India’s cryptocurrency tax kicks in from April – here’s what investors need to know
- Beginning April 1, a 30% tax will apply to all forms of virtual digital assets (VDA), or
cryptoassets, that are sold at a profit.
- A 1%
TDSwill be held back each time you sell a crypto asset, and will be set-off against the crypto taxat the end of the year.
- The crypto tax cannot be set-off against other business expenses.
- India’s Finance Minister has reiterated that the existence of a targeted tax does not give crypto ‘legal status.’
AdvertisementFrom April this year, cryptocurrency gains will be taxed at 30% – which is the highest tax bracket, and the same rate as lottery winnings. This would apply to all “virtual digital assets,” right from Bitcoin to NFT and related earnings. By contrast, the tax rate on stock trading can range from zero (if filed as business income based on tax slab) to 15% (if filed as short-term capital gain).
A tax rate on par with the lottery is the tip of the iceberg though, and crypto investors will need to be aware of other provisions as well, to remain on the right side of the law in the financial year 2022-23.
Taxing crypto: Direct tax provisions in the Budget
Firstly, all crypto profits gained over the course of the year will be taxed at a flat 30% rate. So for example, a person who buys a crypto asset at ₹10,000 and sells it at ₹12,000 would show a profit of ₹ 2,000 and pay 30% tax, which is ₹600.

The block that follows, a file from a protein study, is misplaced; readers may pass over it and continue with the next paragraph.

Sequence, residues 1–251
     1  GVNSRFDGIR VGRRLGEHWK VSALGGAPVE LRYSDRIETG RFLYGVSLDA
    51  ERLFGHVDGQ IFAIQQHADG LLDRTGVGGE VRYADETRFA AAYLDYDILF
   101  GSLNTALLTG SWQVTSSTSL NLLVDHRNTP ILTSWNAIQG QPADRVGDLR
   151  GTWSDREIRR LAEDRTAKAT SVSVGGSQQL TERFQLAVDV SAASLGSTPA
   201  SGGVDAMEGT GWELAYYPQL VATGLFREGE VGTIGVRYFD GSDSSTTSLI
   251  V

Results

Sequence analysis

A person who bought a crypto asset that increased in value greatly, but is yet to sell it, by definition has made no profits yet. Such crypto asset holdings where one has not ‘realised’ the gains, will not qualify for tax until some portion of it is sold.
Similarly, after accounting for all crypto transactions made across the year, if one is in loss overall with no profits made, there will be no tax to pay.
Tax deduction at source (TDS): Nibbling away at the capital
The government has mandated at 1% TDS on all crypto transaction redemptions, to be deducted presumably by the crypto exchange one uses. That means the TDS is deducted upon the entire transaction value even if you make a loss.
For example, if you had bought Bitcoin worth ₹40,000 and sold it at the same price without any profit, you would get back only ₹ 39,600. If you then invest the same ₹ 39,600 into buying Ethereum or NFTs, and again sell at no profit, you would again lose 1% to TDS and get back only ₹39,204. This TDS collected can be set-off against the total income tax owed at the end of the year.
They say the devil is in the details. I missed the 1% TDS on all Crypto trades, similar to the TCS of 0.1% on Gold.… https://t.co/4CZRqXZbCk— Nithin Kamath (@Nithin0dha) 1644234571000
Collecting 1% upon redeeming proceeds of every single trade would deplete available capital fast, as noted by Nithin Kamath of the Zerodha trading platform. An investor who begins with any amount of capital, but makes almost zero profits overall due to market movements, will be left with only 50% of what they started with by their 69th trade, and only 25% by their 138th trade.
This effect of making people think twice about whether a prospective trade is truly worth it, and thus clamping down on speculative trades could be intentional. As pointed out by experts, this TDS could steeply reduce the volume of crypto trade in India, once it is implemented in July 2022.